American Voyeur : A Night Out in a State of Delirium

American Voyeur American Voyeur

The day began before the night. It actually began pretty routinely. With two hours of sleep in me I took a walk down to the nearest coffee shop and spent a few hours watching time pass by on a computer screen alongside all the other early rising time wasters. The first couple of hours are always a complete time waste. It’s in the final twenty minutes of battery life when I get the important work done, the plans for the day. I saw that an American film was playing at Cinema Excentris, being the good American I am, I decided my plans for that night. When I’m on a trip I always want to try something new, so an American film with French subtitles covers it. The day was looking good. With five percent battery life I shut the computer off.

American Voyeur. Cinema Excentris. Photo Nick Janke

American Voyeur. Cinema Excentris. Photo Nick Janke

Hours passed, it was still light out. But night was looming closer than it had all day. I didn’t sleep, I didn’t go for a walk, for the life of me I can’t account for what I did during all those hours. That’s a bad sign. Anyway, it was almost time for my movie so I took a walk to the train. On my short trek, something I’d never felt before came over me. It wasn’t a hallucination, the first thought was delirium. My thoughts were becoming disorganized, for a moment I forgot why I was walking to the train. I quickly put the blame for my cognitive malfunction on my altered sleep cycle. Slowly I came back to my senses and went into the station.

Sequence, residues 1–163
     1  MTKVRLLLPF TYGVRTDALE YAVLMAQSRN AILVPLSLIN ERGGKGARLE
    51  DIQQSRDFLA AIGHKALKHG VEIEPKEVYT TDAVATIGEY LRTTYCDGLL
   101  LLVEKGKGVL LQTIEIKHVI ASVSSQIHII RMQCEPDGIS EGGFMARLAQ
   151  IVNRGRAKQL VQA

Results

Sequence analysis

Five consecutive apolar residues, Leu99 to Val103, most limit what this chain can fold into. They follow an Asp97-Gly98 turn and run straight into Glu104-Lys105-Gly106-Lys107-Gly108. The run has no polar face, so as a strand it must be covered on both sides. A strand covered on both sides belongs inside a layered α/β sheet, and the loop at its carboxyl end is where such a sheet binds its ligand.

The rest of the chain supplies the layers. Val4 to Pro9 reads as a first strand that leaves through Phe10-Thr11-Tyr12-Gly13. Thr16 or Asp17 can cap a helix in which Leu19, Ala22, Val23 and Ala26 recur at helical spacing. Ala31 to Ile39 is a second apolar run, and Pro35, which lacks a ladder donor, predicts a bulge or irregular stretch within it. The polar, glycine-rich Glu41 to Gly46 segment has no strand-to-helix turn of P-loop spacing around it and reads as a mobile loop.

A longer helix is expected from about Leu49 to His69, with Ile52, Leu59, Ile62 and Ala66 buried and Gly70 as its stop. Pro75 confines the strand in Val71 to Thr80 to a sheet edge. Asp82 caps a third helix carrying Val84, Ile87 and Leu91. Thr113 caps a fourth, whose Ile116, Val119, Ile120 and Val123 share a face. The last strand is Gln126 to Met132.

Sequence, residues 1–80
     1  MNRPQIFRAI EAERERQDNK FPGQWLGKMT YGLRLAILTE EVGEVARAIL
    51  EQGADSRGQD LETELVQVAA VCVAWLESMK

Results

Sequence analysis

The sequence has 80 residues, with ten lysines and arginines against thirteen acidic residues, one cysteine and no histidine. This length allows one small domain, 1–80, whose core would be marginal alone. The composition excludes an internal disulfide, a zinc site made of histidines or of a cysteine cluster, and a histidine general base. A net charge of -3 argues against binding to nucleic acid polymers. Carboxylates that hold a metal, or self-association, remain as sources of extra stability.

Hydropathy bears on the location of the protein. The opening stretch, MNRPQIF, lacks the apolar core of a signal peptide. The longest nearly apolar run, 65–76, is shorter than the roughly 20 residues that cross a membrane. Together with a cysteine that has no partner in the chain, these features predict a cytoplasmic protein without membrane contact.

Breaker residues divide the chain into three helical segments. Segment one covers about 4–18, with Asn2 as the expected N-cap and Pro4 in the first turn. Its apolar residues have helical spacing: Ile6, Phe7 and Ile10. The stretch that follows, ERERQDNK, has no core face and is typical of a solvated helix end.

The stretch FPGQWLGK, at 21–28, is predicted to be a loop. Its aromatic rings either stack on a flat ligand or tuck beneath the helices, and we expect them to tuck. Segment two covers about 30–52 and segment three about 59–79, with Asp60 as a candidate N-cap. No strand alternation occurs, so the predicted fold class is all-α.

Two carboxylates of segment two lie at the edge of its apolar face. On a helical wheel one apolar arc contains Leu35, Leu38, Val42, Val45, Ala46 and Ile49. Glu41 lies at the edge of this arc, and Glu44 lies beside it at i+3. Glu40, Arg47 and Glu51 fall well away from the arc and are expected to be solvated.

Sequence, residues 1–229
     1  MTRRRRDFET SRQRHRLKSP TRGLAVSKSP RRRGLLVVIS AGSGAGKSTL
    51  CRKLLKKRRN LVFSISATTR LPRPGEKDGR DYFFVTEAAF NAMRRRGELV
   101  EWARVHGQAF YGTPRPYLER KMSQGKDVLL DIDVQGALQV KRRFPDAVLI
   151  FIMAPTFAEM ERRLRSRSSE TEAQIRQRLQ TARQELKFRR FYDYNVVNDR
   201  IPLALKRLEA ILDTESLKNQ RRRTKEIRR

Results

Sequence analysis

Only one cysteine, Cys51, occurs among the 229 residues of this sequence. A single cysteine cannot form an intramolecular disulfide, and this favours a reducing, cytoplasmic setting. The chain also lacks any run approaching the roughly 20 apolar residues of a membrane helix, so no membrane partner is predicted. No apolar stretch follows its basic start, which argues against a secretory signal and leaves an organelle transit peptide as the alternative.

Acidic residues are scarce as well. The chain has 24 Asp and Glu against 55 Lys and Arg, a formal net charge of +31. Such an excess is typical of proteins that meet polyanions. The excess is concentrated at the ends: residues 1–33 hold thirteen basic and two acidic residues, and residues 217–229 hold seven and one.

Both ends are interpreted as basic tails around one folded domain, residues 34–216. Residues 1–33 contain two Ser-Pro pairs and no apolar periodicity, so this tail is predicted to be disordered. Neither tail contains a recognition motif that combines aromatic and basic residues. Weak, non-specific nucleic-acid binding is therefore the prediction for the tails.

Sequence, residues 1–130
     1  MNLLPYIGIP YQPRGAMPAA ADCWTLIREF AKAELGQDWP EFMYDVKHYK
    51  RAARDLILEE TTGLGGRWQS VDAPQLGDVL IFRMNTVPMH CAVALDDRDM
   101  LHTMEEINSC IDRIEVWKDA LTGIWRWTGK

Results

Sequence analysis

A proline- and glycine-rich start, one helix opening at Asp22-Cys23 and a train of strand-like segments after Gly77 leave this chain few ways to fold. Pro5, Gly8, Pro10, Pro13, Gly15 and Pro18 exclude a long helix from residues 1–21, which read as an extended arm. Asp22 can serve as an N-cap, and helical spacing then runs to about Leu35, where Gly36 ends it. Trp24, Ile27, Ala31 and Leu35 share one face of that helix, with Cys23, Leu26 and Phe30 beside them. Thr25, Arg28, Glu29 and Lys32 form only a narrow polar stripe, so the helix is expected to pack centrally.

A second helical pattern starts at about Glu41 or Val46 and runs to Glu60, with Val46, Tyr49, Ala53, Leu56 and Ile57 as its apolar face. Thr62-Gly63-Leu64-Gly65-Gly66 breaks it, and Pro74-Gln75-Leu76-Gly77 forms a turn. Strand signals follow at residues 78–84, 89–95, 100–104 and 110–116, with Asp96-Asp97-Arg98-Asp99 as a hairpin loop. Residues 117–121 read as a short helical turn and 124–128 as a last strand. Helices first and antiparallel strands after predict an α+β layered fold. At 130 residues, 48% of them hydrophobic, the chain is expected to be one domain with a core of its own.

American Voyeur. Photo Nick Janke

American Voyeur. Photo Nick Janke

As I sat on the train, something was happening. The sounds were amplified, the speed of the train seemed unnatural, and the girl across from me had blurry brown hair, then a blurry face, then everything was blurry. Suddenly, it was my stop. I collected myself and quickly got off, paused and observed the train as it roared out of the station in a cacophony of color. I closed my eyes, rubbed them, and opened them wide. It worked.

American Voyeur. Photo Nick Janke.

American Voyeur. Photo Nick Janke.

I walked into the cinema, paid for my ticket, and relaxed in front of a blank screen. I can’t account for what happened in those minutes before the movie started, this was normal for me. But once the music for ‘Only Lovers Left Alive’ flooded the theatre I awoke. Two hours passed. I recall those very well. Thank you Jim Jarmush for making me sane again. At least for that moment.

I glided out of the theater on my cinema high and what happened next I can only describe as a sudden withdrawal from the sane world. Like it had on the train, every sound, person, and gesture was amplified and manifested into one large entity. Needless to say that left me confused. I quickly took a seat and rubbed my closed eyes. Slowly, the sounds were diminishing in their intensity so I opened my eyes. Everything’s normal. You would think that these events would make a person worry, I wasn’t worried. I wasn’t on drugs, I hadn’t eaten anything odd, I just thought it was the euphoria of being in a different country. Maybe Montreal transmits signals and I caught them differently than everyone else. Anyway, after I gathered my senses I decided to go for a walk around the neighborhood.

American Voyeur. Photo Nick Janke.

American Voyeur. Photo Nick Janke.